Friday, September 20, 2013

I LIke To Think of Harriet Tubman

Two headlines in separate newspapers this morning juxtapose the political contradictions of our times.  In the New York Times, the headline announces “House Republican Pass Deep Cuts in Food Stamps.”  And in the Daily Tar Heel, the campus newspaper at the University of North Carolina, the front page leads with “Food Stamp Need Triples in County.”

The college paper reports on Sonya Dixon (a.ka. “Cookie”), who prepares and serves meals at a childcare center but whose own daughter has cerebral palsy, which means she can only work part time.  With limited earnings, she depends on food stamps to put meals on the table.  Sonya is African American and is one of 6, 357 others in Orange County who receive food stamps.  The unemployment among blacks in North Carolina is over 17%.  

The non-partisan Congressional Budget Office says the Republican backed measure in Washington would cut about four million recipients like Cookie from the rolls of those who receive help feeding their families.  Congressman Marlin Stutzman (R-Indiana) promises, “This bill eliminates loopholes, ensures work requirements, and puts us on a fiscally responsible path.”  Has the Congressman asked Sonya Dixon how she’s going to feed her disabled daughter? 

Here’s a poem by Susan Griffin titled “I like to think of Harriet Tubman,” which I dedicate to Mr. Stutzman and his colleagues in the House.

I like to think of Harriet Tubman.
Harriet Tubman who carried a revolver,
who had a scar on her head from a rock thrown
by a slave-master (because she
talked back) , and who
had a ransom on her head
of thousands of dollars and who
was never caught, and who
had no use for the law
who defied the law. I like
to think of her.

I like to think of her especially
when I think of the problem
of feeding children.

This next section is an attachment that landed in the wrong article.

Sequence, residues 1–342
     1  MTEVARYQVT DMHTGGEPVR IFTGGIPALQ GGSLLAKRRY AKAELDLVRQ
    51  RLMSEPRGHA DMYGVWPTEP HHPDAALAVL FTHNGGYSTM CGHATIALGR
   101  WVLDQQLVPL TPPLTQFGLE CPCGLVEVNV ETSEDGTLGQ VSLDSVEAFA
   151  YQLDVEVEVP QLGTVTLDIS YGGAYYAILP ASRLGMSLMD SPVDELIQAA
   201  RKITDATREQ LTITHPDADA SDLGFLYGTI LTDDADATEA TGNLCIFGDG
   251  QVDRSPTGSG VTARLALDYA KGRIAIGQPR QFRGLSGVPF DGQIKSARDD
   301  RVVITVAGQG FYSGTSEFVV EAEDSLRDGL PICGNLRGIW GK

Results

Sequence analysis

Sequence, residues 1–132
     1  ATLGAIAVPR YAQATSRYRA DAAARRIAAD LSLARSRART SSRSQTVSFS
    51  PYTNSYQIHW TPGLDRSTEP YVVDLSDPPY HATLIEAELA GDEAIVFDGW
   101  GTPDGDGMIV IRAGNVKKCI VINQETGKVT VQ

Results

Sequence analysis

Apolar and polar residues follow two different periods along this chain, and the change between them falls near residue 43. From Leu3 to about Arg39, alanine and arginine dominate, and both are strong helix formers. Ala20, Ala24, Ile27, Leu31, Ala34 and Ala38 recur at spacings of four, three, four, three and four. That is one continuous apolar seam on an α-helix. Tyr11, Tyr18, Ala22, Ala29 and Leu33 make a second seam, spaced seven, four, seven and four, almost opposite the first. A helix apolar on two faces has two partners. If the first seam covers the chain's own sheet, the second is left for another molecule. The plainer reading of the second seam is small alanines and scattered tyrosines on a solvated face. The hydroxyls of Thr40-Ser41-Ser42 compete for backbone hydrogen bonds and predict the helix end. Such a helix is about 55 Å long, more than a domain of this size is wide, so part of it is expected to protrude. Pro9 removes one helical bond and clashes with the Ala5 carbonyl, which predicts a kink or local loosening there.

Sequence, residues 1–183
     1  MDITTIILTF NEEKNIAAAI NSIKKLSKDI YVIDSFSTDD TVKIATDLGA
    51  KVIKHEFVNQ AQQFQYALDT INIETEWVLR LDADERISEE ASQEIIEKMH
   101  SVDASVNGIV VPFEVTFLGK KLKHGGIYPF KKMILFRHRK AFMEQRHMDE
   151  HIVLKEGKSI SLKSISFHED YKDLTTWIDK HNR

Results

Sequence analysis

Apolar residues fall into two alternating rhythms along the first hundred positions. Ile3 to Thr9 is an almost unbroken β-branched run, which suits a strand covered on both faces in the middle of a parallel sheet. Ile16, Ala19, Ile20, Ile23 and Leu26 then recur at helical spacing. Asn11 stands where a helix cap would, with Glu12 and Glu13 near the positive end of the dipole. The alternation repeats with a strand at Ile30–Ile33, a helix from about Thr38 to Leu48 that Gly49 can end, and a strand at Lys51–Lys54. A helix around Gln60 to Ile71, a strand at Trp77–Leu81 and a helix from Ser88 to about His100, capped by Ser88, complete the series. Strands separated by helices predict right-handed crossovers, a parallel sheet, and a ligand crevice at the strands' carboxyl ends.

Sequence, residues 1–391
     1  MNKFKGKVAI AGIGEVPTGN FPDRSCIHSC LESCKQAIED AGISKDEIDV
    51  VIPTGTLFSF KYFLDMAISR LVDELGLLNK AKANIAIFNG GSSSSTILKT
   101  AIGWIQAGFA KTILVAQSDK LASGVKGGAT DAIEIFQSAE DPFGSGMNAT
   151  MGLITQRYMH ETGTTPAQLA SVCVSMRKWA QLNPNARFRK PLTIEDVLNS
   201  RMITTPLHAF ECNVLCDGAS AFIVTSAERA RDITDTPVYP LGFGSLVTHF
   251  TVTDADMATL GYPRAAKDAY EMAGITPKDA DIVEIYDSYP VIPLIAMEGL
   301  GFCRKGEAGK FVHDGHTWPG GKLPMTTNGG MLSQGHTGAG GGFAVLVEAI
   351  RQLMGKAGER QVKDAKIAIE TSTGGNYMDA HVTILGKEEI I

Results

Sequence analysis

The legal answer
to the problem of feeding children
is ten free lunches every month,
being equal, in the child's real life,
to eating lunch every other day.
Monday but not Tuesday.

I like to think of the President
eating lunch on Monday, but not
and when I think of the President
and the law, and the problem of
feeding children, I like to
think of Harriet Tubman
and her revolver.

And then sometimes
I think of the President
and other men,
men who practice the law,
who revere the law,
who make the law,
who enforce the law
who live behind
and operate through
and feed themselves
at the expense of
starving children
because of the law.
men who sit in paneled offices
and think about vacations
and tell women
whose care it is
to feed children
not to be hysterical
not to be hysterical as in the word
hysterikos, the greek for
womb suffering,
not to suffer in their
not to care,
not to bother the men
because they want to think
of other things
and do not want
to take women seriously.

I want them to think about Harriet Tubman,
and remember,
remember she was beaten by a white man
and she lived
and she lived to redress her grievances,
and she lived in swamps
and wore the clothes of a man
bringing hundreds of fugitives from
slavery, and was never caught,
and led an army,
and won a battle,
and defied the laws
because the laws were wrong, I want men
to take us seriously.
I am tired wanting them to think
about right and wrong.
I want them to fear.

I want them to feel fear now I want them
to know
that there is always a time
there is always a time to make right
what is wrong,
there is always a time
for retribution
and that time
is beginning.

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